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Credits & Info
- Feb 9, 2012 | 4:55 PM EST
- File Info
- 9 MB
- 3 min 57 sec
- 4.55 / 5.00
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Please contact me if you would like to use this in a project. We can discuss the details.
RAC '12- INDIA SUBMISSION
MAURYA THUNDER BY MOONBURN
When I first chose to write a dubstep- Goa fusion track for India, I felt a little trepidation (read: I almost posted straight afterwards to withdraw my application). Thing is, India has a VERY rich cultural background. If I got too far into some Bhangra elements, my music would become riddled with clichÃ©s, a novelty track. If I tried to go into the typical deep, rolling sound of dubstep, I'd just sound likea cheap Chase and Status.
I hope this got the balance right. The Raag (kind of like a scale, though there are also rules on intonation within a Indian Raaga, for example in my piece, the Pa is always approached through the Ma and the Dha is generally approached through vibrato on the Pa) I used to write it uses the flattened Ri, Dha and Ni, with Sa, Ga, Ma and Pa all natural. I was interested by the manner in which Indian classical musicians used expressive portamento, so I tried to make the most of that in the dubstep section.
Overall I just hope you enjoy.
Please leave reviews :D
I love reviews.
------------EXTRA NOTES ON RESEARCH-------------
In Indian classical music, a raag would often be used. This would contain seven notes (Sa Ri Ga Me Pa Dha Ni) which all natural would be a natural major scale. I won't go into them fully here, but there are strict rules as to how you can flatten or sharpen such notes for a raag. For mine, I flattened Ri, Dha and Ni mainly because in my research I listened to an inspirational raag, Raag Bhairav which used a natural Ga, and a flattened Dha, having the effect of creating a majestic yet sorrowful mood.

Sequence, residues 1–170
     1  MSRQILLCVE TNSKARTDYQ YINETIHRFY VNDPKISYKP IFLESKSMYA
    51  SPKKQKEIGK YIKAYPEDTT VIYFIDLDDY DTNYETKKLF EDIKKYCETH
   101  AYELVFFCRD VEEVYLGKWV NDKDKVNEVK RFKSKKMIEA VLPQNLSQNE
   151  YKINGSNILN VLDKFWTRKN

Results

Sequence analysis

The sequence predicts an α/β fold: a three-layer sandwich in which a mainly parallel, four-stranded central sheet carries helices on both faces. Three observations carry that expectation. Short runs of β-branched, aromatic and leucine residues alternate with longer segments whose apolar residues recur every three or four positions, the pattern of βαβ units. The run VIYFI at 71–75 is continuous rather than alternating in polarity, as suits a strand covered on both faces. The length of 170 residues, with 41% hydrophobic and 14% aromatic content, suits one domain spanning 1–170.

I spoke to my boss at work (a devout Hare Krishna) and he explained to me that traditional Indian music tends to be largely programmatic, setting a scene, often historical or religious. I looked through a lot of Indian history, and the scene I aimed to recreate with this piece was the Maurya Emperor Ashoka's last battle before he converted to the non violent path of Buddhism. It is said that this battle left over 100,000 dead (a large number indeed in Feudal East India), and it was the terrible slaughter of this night that led him to Buddhism. I thought this would be an interesting image to represent, blood and majesty intermingled, a sense of peace and violence, a moment of inevitable destiny. The brutality of dubstep would only help reflect the crashing violence of the battlefield against a thunderous sky.
A final note on the Indian classical elements: In a raag there is a specific structure to follow, and I kept to that largely (well, as close as I could whilst remaining true to the electronic elements). There are four sections in this: the Alap, a slow, largely improvised section, and is quickly followed by the Gat in which the same arrangement is accompanied by the tabla (although I used a bass drum), and then in the Jhala it all kicks off, with the tabla coming into full play (drop) before winding back down through the jhala section.
Goa trance: I listened to groups such as Shpongle and Miranda, but most of all I listened to NG's own Hopeku (specifically the psytrance stuff he does off the website). I loved Morning Moon in particular, the way a mist of psychedelic elements were sidechain compressed against a throbbing bass drum, so I thought I couldn't do India's culture justice without having a section in which these Goa elements came to the fore.